December 12, 2005 |
THERE'S a moment about 45 minutes into Peter Jackson's "King Kong," as the "motion-picture ship" the Venture approaches the fog-shrouded shores of Skull Island, when Jimmy (Jamie Bell), the youngest member of the crew, looks up from his copy of Conrad's "Heart of Darkness" with a troubled look and says, "It's not an adventure story, is it, Mr. Hayes?" To which the grave first-mate Hayes (Evan Parke) replies categorically, "No, Jimmy, it's not."
November 23, 2003 |
When director Peter Jackson was a boy, the neighbors enjoyed the Super8 films he shot in his backyard. Now, with the rest of the world watching his movies, the backyard is bigger and surrounded by taller fences. Each Sunday, tourist buses trundle through this tiny coastal suburb of the country's capital, Wellington, the passengers eager for the slightest sign of their hero.
December 19, 2003 |
For director Peter Jackson, the time was "seven years that's got one week left to run." The seven years was how long he had worked on "The Lord of the Rings" trilogy while the "one week left" was his acknowledgment that he'd soon have to stop tinkering with the last installment, "The Return of the King."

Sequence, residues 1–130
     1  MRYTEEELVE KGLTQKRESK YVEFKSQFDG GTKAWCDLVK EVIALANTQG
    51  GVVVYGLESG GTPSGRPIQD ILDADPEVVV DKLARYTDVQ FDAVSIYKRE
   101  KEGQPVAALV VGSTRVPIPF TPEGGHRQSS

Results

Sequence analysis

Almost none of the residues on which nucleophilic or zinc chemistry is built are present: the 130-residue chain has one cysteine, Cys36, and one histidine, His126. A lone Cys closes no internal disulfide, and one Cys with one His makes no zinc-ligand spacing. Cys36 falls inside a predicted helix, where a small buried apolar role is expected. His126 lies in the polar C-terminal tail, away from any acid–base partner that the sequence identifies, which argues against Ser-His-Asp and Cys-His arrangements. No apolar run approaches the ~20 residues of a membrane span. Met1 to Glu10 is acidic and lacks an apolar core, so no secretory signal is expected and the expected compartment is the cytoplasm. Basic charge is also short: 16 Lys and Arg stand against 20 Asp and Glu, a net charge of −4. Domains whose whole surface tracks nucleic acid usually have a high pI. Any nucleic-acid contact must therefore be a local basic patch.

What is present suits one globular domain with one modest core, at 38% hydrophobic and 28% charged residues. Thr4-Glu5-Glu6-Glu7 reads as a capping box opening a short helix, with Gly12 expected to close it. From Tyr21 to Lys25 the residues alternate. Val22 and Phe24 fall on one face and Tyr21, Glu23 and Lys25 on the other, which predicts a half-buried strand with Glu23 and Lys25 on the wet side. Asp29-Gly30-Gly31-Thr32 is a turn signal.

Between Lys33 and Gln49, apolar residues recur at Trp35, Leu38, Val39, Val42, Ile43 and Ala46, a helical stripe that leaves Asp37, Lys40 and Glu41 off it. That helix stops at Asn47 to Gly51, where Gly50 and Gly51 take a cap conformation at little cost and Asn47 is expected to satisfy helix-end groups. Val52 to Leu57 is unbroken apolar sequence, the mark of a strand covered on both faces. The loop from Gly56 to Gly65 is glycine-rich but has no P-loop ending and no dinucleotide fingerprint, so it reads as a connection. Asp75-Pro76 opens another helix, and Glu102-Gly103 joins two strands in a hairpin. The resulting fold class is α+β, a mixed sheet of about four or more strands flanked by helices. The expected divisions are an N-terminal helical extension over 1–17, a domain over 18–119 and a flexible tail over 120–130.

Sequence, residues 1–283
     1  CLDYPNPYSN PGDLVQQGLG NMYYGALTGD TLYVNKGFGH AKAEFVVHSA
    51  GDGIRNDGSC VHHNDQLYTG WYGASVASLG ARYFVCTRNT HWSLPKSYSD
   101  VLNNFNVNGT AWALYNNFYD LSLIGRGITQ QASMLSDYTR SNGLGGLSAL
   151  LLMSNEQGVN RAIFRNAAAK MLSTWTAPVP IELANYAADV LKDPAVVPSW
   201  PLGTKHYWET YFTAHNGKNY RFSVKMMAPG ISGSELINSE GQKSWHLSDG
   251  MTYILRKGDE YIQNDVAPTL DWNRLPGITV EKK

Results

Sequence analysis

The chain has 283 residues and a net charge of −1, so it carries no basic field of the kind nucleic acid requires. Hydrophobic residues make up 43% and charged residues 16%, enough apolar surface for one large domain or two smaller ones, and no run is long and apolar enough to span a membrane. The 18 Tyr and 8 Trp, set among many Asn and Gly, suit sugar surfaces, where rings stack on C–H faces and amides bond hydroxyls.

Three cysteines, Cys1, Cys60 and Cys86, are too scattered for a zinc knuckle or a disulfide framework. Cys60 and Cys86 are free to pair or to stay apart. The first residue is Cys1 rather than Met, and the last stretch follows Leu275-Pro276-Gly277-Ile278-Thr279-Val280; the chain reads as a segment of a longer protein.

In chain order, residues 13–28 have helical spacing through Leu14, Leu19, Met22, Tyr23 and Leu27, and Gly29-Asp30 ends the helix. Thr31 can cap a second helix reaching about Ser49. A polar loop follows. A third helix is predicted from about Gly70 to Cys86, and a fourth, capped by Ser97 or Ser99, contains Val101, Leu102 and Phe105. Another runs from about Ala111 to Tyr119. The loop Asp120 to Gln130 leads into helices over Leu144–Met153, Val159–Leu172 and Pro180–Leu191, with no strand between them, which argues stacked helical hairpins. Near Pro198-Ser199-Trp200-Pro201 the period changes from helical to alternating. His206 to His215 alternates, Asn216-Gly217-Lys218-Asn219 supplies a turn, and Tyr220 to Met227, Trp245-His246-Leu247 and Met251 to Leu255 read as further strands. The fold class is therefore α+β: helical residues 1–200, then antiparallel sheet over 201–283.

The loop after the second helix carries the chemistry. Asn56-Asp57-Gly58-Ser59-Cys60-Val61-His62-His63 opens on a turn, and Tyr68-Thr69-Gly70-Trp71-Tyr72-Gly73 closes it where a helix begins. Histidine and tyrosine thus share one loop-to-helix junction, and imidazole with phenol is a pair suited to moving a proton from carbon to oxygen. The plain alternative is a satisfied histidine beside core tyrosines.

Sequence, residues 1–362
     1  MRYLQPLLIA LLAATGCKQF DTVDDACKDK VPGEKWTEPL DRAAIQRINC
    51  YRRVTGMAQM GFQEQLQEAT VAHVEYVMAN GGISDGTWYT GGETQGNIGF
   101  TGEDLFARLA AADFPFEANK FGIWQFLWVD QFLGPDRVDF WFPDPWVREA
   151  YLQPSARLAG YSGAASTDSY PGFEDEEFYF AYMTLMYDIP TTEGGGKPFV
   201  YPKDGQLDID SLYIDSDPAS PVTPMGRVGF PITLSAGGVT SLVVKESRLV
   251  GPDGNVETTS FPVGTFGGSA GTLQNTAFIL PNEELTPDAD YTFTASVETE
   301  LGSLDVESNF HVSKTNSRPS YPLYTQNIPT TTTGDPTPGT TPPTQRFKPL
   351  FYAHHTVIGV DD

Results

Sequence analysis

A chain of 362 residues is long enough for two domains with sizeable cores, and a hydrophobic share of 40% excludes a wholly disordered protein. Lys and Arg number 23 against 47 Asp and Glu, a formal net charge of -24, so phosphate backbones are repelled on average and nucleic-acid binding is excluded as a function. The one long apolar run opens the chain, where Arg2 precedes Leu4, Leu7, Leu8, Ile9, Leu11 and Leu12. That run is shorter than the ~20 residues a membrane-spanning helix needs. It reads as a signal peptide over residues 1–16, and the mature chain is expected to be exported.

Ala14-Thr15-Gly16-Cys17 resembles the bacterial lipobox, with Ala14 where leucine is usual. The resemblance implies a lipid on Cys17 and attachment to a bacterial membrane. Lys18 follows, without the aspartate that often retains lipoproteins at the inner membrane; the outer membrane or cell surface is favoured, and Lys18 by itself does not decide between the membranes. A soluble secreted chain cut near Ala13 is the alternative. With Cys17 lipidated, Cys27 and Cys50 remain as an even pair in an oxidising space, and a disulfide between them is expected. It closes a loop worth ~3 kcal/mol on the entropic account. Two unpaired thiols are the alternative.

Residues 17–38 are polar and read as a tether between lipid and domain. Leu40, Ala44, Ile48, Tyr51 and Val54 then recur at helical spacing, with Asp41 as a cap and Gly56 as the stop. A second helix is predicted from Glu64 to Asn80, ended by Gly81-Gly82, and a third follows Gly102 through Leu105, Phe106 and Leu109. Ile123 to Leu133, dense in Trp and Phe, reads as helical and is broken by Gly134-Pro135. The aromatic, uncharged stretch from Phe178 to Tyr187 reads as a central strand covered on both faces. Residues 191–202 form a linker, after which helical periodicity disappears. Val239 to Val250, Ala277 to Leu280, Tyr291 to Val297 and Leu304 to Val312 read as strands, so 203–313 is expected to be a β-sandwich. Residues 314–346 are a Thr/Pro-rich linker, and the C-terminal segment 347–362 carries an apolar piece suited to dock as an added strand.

September 3, 2004 |
Peter Jackson first tried to remake the film "King Kong" at age 13 -- using a cardboard model of the Empire State Building, a bedsheet painted with a New York backdrop and his Super 8 film camera. How times have changed. New Zealand's Jackson, now 40 and with three Oscars for the "Lord of the Rings" trilogy, said the star-studded, multimillion-dollar remake will have some major changes from the 1933 original.
November 6, 2005 |
"LISTEN," says tough-talking filmmaker Carl Denham, and everybody does. "I'm going out and make the greatest picture in the world, something that nobody's ever seen or heard of. You'll have to think up a whole lot of new adjectives when I come back." Denham didn't come back with a movie, he came back with a gorilla as big as the Ritz, but "King Kong," the motion picture Merian C. Cooper and Ernest B.
July 14, 1996 |
When Universal's "The Frighteners" arrives in theaters Friday, studio executives will be paying close attention to see just how much high-tech frightening can be achieved on a mere $38 million. The R-rated black comedy-thriller, starring Michael J. Fox as "psychic investigator" Frank Bannister, was made here by Kiwi director Peter Jackson, who co-wrote the movie with Fran Walsh, his partner on and off the job.